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Federal agency thanks Association for revising Code of Conduct

January 28, 2019

By David Burger

Washington — The National Council on Disability, an independent federal agency, is commending the ADA for taking necessary steps to improve dental care access for people with disabilities with a revision to the ADA Principles of Ethics and Code of Professional Conduct.

Photo of Dr. Herman
Dr. Herman
Photo of Dr. Smith
Dr. Smith
At the council's recommendation, the ADA House of Delegates approved Resolution 50H-2018 that would revise the Code to better reflect the rights of patients with disabilities in providers' patient selection.

The resolution was submitted by the ADA Council on Ethics, Bylaws and Judicial Affairs.

The changes, reflected in section 4. A of the Code, now explicitly prohibit dental care providers from denying care to patients because of their disability, as was already the case based on a patient's race, creed, color, sexual orientation or gender identity, or national origin.
Additionally, the Code, in section 4. A. 1, now specifies that patients with disabilities in need of another dentist's skills, knowledge, equipment, or expertise should not be turned away and should instead be referred to dentists able to provide the necessary care.

Dr. James Smith, chair of the ADA Council on Ethics, Bylaws and Judicial Affairs, said the changes were necessary. "CEBJA helps to ensure that we are fulfilling our obligation to the public," he said. "A big part is fairness, justice and equity. We want everyone to have access to optimal oral health. It's the right thing to do."

"These revisions are vital because the ADA Code is typically the standard upon which state laws and regulations are based, and, as stated in NCD's October 2017 issue brief on the subject, many patients with disabilities, particularly people with intellectual and developmental disabilities, are unable to obtain dental care, leaving many with untreated diseases," according to a news release issued by the National Council on Disability.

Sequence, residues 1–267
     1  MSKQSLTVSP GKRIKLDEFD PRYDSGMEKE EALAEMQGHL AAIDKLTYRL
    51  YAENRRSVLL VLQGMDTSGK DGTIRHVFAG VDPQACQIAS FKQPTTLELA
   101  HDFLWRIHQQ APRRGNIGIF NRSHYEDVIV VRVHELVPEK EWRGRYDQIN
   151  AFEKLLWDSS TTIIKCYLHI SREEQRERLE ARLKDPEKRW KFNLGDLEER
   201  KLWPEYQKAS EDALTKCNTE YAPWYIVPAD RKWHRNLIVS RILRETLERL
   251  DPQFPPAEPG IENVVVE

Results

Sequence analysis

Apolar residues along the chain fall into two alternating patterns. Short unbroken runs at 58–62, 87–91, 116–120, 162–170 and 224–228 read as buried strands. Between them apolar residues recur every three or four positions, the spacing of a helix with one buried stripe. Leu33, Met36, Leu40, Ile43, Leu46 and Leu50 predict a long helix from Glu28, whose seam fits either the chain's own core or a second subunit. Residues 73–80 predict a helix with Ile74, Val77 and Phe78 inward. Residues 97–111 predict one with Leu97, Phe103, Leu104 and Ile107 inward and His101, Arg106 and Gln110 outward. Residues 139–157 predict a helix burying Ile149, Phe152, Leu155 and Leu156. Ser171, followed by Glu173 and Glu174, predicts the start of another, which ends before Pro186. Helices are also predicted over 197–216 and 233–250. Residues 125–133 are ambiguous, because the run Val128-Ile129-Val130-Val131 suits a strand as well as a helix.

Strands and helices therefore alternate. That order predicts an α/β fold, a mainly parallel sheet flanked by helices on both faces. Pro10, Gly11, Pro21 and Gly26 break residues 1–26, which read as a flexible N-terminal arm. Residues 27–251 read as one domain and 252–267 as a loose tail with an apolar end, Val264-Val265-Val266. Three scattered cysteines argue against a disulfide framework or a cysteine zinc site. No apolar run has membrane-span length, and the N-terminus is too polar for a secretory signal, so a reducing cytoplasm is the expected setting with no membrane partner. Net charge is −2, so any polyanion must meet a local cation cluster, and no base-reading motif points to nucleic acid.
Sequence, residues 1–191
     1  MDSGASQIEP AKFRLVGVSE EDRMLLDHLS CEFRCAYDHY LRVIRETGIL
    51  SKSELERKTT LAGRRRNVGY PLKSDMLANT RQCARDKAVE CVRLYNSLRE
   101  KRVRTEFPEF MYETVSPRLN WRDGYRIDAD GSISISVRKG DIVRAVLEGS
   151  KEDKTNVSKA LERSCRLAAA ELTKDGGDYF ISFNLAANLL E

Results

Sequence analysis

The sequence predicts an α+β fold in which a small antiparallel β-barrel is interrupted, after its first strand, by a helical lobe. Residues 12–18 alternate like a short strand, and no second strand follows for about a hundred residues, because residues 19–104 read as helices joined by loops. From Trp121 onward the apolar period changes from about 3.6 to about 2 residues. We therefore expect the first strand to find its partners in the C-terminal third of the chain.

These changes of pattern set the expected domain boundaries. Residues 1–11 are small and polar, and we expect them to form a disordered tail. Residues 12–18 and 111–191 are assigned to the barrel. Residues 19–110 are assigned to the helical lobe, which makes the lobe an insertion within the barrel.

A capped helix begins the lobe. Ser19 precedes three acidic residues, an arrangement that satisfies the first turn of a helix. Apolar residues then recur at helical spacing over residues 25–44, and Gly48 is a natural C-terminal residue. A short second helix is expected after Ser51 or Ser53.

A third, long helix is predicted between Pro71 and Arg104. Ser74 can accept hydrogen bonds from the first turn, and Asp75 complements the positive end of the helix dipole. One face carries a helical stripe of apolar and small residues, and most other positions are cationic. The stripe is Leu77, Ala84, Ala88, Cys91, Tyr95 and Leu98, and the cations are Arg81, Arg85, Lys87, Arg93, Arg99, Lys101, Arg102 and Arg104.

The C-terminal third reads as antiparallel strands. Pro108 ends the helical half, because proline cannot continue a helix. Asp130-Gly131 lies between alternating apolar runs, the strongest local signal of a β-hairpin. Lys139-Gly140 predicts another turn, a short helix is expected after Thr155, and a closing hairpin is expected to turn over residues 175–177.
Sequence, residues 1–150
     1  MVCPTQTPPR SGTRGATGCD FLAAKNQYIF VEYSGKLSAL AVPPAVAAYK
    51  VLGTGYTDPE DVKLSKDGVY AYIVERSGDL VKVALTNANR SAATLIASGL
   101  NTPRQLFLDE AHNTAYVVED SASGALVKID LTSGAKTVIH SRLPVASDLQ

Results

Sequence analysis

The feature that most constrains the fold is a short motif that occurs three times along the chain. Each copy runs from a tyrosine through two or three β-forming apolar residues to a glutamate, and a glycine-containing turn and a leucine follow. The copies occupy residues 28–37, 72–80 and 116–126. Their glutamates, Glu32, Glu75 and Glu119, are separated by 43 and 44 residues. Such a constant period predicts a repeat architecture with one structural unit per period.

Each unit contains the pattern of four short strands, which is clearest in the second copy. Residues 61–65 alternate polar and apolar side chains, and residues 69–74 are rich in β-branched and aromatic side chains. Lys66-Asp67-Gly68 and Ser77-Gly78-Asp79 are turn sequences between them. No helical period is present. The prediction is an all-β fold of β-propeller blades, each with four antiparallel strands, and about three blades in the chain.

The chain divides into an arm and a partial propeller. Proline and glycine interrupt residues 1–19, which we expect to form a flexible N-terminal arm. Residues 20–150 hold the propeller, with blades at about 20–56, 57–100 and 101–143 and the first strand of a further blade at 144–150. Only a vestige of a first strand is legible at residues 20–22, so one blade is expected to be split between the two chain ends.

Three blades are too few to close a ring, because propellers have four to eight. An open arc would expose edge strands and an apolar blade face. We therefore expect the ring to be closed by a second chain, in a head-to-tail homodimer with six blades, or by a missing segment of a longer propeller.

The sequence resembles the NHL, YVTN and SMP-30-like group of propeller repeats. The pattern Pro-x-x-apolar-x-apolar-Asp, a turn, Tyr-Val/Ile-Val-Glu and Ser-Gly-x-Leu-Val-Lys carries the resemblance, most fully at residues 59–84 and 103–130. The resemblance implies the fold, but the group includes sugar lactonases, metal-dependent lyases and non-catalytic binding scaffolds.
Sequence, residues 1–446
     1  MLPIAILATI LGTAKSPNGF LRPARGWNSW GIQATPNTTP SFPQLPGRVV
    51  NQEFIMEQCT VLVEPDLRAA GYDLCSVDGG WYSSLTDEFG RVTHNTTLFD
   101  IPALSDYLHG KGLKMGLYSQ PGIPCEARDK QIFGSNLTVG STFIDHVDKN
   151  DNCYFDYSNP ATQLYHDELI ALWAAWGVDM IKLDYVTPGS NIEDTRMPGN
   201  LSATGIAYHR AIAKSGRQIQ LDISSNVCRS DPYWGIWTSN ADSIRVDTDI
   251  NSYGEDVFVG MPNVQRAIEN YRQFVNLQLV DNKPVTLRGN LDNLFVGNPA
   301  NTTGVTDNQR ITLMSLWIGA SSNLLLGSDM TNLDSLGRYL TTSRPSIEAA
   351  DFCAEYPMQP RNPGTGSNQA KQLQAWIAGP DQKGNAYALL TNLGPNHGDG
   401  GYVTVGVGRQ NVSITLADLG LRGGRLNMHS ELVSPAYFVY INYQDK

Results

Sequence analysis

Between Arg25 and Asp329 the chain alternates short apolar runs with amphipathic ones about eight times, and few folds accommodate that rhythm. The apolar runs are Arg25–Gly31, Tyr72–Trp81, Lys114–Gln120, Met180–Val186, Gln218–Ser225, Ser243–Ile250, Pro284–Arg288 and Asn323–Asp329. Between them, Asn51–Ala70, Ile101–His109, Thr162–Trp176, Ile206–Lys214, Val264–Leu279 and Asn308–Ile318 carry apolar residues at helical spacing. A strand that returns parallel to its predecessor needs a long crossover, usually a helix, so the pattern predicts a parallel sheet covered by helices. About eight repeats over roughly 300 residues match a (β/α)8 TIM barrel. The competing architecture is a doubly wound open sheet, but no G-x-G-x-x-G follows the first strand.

"This decision by the ADA no doubt represents a leap in the right direction toward equal access for people with disabilities that cannot afford to be turned away by their care providers," said Neil Romano, National Council on Disability chair, in the news release. "It also represents a step towards full participation, independent living and economic self-sufficiency as envisioned by laws including the Americans with Disabilities Act, the Rehabilitation Act, and NCD's own mission. On behalf of the millions of Americans with disabilities, NCD thanks the American Dental Association for taking this important step toward improving the overall health care of this often-underserved population."

Dr. Gary Herman, immediate past chair of the ADA Council on Ethics, Bylaws and Judicial Affairs, said that revisions to the Code are made when needed. "We see it a living document, but the basic principles are the same. This is what we dentists have agreed to abide by."

The National Council on Disability is an independent federal agency that promotes policies, programs, practices and procedures that guarantee equal opportunity for all individuals with disabilities, and empowers individuals with disabilities to achieve economic self-sufficiency, independent living and inclusion and integration into all aspects of society.

The updated ADA Code is available at